The heart of the system is the loading device called COM (Case Order Machine), which is used by many food retailers across the globe.

    This system is able to pick more than 500 cases per hour onto load carriers in a product-gentle and store-friendly manner.

    Asko operates 14 COM machines that pick more than 7,000 cases per hour. Four additional COMs are currently being implemented, an expansion that was already considered in the concept when starting the design phase.

    The implementation became necessary earlier than originally planned due to the positive business development of Asko, which were also influenced by innovative logistics processes and the resulting competitive advantages.

    Dynamic Picking System

    The second route for the separately packed steaks is via the Dynamic Picking System (DPS) and the Order Consolidation Buffer (OCB).

    Here too, the extensions are already in the pipeline and will be implemented during ongoing operation by the end of 2019.

    The highly dynamic and semi-automated picking of small parts in the DPS is supported by a pick-by-light system. Asko also stores large tote-able slow movers in the DPS.

    The DPS works according to the goods-to-person / person-to-goods principle. Depending on the order structure, the items are arranged in the pick front either permanently or on demand, such that it is optimised at all time.

    Asko uses totes with three different height options. The DPS area is again dependent on the OPM and thus also on the following MPS unit.

    Specific Products

    The automatic system cannot be employed in the case of reindeer meat from northern Scandinavia. Therefore, it is picked with the Module Picking System (MPS) from WITRON.

    The solution is a goods-to-person system supported by pick-by-light. The WITRON material flow uses computers to control all necessary pallet movements from the high-bay warehouse, and indicates to the operator the quantities to be picked by means of pick-by-light displays.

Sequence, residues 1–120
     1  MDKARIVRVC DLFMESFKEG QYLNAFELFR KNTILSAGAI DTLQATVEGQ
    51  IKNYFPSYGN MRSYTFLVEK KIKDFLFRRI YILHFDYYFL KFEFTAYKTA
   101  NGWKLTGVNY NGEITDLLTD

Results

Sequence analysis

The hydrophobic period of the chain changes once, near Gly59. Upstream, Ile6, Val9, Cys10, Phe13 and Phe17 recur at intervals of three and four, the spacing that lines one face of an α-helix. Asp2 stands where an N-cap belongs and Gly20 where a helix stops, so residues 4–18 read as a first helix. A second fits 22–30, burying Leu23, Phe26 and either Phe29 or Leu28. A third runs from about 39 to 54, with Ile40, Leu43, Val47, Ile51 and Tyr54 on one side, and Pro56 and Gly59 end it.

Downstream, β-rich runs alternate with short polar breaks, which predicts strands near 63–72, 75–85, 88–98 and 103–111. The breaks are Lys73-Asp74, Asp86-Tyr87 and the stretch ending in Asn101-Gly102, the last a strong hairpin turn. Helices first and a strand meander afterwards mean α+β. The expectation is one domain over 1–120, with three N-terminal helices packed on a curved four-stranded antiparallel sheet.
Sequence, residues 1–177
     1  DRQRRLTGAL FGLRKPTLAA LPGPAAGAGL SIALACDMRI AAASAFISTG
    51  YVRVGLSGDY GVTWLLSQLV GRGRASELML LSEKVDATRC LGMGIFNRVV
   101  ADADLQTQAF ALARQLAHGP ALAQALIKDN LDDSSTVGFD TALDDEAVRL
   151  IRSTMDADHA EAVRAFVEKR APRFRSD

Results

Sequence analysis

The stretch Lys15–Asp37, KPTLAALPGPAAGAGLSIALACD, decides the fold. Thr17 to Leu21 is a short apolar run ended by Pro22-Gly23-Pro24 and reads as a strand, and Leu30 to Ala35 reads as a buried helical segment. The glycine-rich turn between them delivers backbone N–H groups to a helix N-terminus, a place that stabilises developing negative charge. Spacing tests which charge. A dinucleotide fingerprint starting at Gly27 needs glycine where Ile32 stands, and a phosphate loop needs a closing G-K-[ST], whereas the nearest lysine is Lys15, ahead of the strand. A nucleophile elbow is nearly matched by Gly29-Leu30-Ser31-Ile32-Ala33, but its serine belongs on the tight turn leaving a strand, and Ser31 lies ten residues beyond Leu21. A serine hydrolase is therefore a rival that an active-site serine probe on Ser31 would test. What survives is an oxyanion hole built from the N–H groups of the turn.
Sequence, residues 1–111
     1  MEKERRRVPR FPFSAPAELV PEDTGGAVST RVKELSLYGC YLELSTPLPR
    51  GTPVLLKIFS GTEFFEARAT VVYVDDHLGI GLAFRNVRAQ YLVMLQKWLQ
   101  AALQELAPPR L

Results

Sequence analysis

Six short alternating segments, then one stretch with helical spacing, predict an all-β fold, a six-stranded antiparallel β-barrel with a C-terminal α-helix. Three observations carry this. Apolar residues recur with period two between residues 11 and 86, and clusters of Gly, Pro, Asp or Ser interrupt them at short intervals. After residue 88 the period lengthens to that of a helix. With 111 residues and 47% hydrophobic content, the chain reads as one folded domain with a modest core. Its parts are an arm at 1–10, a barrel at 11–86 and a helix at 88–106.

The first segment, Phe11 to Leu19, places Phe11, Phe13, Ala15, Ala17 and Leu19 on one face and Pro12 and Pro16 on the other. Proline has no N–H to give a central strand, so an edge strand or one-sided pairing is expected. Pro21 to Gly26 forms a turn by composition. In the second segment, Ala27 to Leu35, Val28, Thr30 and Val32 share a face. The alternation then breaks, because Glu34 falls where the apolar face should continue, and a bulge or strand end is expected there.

Åsmul added, “If a hotelier orders fresh goods such as yogurt from the automated OPM area as well as reindeer meat, the reindeer meat is manually added to the yogurt packed on pallets or roll containers in the MPS area.

    Dry And Fresh Food

    “We are making it a little more difficult for the WITRON colleagues. In addition to the three material flows, there are three load carriers that we have to handle – half pallets, Euro pallets, and roll containers,” said Åsmul.

    “In addition, the picked dry goods have to be consolidated as well,” Weiß added.

    If a hotel customer orders fresh food and dry goods from the nearby logistics center, the cases are merged at ergonomic workstations located in a semi-automated consolidation zone in the new fresh food warehouse.

    This process is also controlled by the WITRON warehouse management system. The picked fresh goods are transported via connected pallet lifters to another receiving area, where it is manually packed with dry goods from another order.

    If the orders for fresh food are transferred directly to one of the twelve regional warehouses of Asko, the packed load carriers leave the fresh food warehouse via the shipping area.

    If, however, the regional warehouses also order dry goods, fresh and dry goods meet in a cross-docking unit to be shipped from there. The WITRON warehouse management system takes the lead also for this process.

    A Logistical Masterpiece

    This new fresh food project took three years to complete, and is considered to be a logistical masterpiece by Asko employees.

    Weiß further explained, “In addition to the installation and adjustments within the conveyor system, we especially had to map the interdependencies in the orders through the software and had to control the material flow in such way, for example, to avoid long waiting times for the dry goods or to ensure that hoteliers receive their goods in time.

    "Unfortunately, it is not possible to just accelerate the system operation, intelligence and flexibility are decisive.”

    “We have a buffer for the regional warehouses, but not for orders that have to be shipped to restaurants or hotels,” added Åsmul.

    © 2018 European Supermarket Magazine – your source for the latest retail news. Sponsored content. Click subscribe to sign up to ESM: European Supermarket Magazine.